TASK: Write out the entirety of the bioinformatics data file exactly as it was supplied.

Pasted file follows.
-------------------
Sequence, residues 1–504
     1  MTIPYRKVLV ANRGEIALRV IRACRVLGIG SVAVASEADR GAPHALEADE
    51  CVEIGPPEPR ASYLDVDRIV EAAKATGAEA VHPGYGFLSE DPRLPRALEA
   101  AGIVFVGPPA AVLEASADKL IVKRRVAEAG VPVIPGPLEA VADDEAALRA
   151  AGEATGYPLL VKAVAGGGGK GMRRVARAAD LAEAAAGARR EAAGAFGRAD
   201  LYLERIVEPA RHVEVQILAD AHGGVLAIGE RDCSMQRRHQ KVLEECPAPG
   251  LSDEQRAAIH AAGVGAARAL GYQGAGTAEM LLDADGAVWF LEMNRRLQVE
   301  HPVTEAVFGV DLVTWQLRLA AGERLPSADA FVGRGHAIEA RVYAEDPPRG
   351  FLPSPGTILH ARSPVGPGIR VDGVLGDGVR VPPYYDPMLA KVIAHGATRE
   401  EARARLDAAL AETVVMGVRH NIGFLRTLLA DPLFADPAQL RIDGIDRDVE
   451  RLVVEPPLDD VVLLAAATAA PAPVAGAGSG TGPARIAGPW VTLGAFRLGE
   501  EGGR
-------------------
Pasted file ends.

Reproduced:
Sequence, residues 1–504
     1  MTIPYRKVLV ANRGEIALRV IRACRVLGIG SVAVASEADR GAPHALEADE
    51  CVEIGPPEPR ASYLDVDRIV EAAKATGAEA VHPGYGFLSE DPRLPRALEA
   101  AGIVFVGPPA AVLEASADKL IVKRRVAEAG VPVIPGPLEA VADDEAALRA
   151  AGEATGYPLL VKAVAGGGGK GMRRVARAAD LAEAAAGARR EAAGAFGRAD
   201  LYLERIVEPA RHVEVQILAD AHGGVLAIGE RDCSMQRRHQ KVLEECPAPG
   251  LSDEQRAAIH AAGVGAARAL GYQGAGTAEM LLDADGAVWF LEMNRRLQVE
   301  HPVTEAVFGV DLVTWQLRLA AGERLPSADA FVGRGHAIEA RVYAEDPPRG
   351  FLPSPGTILH ARSPVGPGIR VDGVLGDGVR VPPYYDPMLA KVIAHGATRE
   401  EARARLDAAL AETVVMGVRH NIGFLRTLLA DPLFADPAQL RIDGIDRDVE
   451  RLVVEPPLDD VVLLAAATAA PAPVAGAGSG TGPARIAGPW VTLGAFRLGE
   501  EGGR